Ask Leo Borasio about his time as a CU Boulder student and he’ll tell you it was pretty straightforward—a full schedule of classes, late nights at the library, meeting new friends—the usual.
Probe a bit deeper, however, and the College of Media, Communication and Information senior will mention his internship-turned-job at a Boulder startup that’s part kid’s science lab, part café. Or his recent trip to Los Angeles, where he pitched a campaign to Ocean Spray as part of the National Student Advertising Competition. Or the time he dug up ancient artifacts at archaeological sights across the Southwest as part of a summer field school.
“I’ve got a foot in every door, I think,” he says.
This spring, Borasio will graduate with a double degree – strategic communication from CMCI and anthropology from the College of Arts and Sciences – and a certificate in technology, arts and media. Despite his packed schedule, he managed to earn CMCI’s William W. White Outstanding Graduate Award, which goes to the student graduating from the college with the highest GPA. He credits his success to regular late-night study sessions with a close group of friends.
“We spent Sunday through Thursday at the law library,” he says. “It was just a lot of work and a lot of focus.”
While managing a challenging academic schedule, music was Borasio’s outlet. Along with his twin brother Trevor Borasio—a history major who is also graduating from CU Boulder this spring—he served as a squad leader for the Golden Buffalo Marching Band. He also played his instrument of choice, the alto saxophone, in the Buff Basketball Band and the Concert Band.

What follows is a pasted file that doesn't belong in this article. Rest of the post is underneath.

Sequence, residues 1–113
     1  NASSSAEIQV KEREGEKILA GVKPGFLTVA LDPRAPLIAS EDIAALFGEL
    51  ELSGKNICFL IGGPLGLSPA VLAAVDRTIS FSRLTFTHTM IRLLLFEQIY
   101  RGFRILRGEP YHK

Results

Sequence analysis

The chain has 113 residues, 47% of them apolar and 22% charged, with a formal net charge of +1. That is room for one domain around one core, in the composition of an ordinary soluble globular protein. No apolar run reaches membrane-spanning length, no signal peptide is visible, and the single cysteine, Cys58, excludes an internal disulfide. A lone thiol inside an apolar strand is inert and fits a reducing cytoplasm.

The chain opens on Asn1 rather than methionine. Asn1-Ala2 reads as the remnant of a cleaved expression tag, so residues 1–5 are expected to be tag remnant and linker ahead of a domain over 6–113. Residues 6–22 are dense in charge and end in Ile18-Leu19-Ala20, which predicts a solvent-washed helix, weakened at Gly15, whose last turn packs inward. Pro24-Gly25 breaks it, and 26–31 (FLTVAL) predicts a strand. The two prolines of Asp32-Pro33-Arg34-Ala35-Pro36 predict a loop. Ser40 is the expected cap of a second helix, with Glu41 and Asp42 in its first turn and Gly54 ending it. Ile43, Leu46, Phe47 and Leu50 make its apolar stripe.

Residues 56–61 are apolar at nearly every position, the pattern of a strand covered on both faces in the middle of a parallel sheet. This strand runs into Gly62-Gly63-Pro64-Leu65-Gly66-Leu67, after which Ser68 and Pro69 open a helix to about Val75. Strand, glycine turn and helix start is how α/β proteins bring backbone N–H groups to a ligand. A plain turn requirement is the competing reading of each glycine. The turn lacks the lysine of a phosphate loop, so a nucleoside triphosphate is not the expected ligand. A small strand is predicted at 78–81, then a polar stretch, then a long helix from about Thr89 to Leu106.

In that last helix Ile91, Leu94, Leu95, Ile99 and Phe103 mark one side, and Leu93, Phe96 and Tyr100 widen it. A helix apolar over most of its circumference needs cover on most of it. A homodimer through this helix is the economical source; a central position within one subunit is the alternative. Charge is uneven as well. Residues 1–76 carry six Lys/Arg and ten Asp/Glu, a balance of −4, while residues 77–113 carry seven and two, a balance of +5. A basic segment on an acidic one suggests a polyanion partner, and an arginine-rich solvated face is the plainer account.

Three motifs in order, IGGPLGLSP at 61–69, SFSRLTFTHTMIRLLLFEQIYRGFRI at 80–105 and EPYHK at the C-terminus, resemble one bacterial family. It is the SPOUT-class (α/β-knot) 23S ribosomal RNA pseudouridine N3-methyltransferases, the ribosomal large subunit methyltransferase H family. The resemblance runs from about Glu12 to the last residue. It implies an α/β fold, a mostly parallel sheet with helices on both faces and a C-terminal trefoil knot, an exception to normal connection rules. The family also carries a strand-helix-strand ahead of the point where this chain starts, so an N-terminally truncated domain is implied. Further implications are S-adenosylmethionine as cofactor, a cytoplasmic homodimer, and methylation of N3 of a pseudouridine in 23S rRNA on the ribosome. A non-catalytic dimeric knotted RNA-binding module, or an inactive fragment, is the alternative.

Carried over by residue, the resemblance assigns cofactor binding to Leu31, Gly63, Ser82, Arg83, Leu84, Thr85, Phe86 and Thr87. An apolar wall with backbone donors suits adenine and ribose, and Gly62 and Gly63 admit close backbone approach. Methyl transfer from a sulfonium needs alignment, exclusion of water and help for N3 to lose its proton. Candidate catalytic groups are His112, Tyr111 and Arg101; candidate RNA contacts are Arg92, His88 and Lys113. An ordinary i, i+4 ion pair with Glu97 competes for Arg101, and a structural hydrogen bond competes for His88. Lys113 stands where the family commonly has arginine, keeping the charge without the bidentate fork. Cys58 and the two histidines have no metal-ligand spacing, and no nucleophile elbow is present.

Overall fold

“Music’s been a huge part of CU for me,” he says. “Going to the Pac 12 Championship and the bowl game last year was so much fun.”
After graduation, Borasio will remain on the Front Range to continue his work with Science Galaxy, a Boulder-based startup that allows people to order a meal alongside a science experiment or tech challenge. The group, which already holds events, is currently seeking a storefront to serve as a café with a kid-friendly environment.
“We’re trying to bolster STEAM education—which is science, tech, engineering, art and math—among kids who don’t normally have those opportunities in the classroom or at home,” he says. “This will kind of give them a new place to explore and experiment and fail and succeed.”
Borasio worked as an intern for Science Galaxy for the spring 2017 semester and is now the company’s web master and lead communicator.
As someone who isn’t afraid to experiment and explore new interests and challenges, he’s just the person for the job.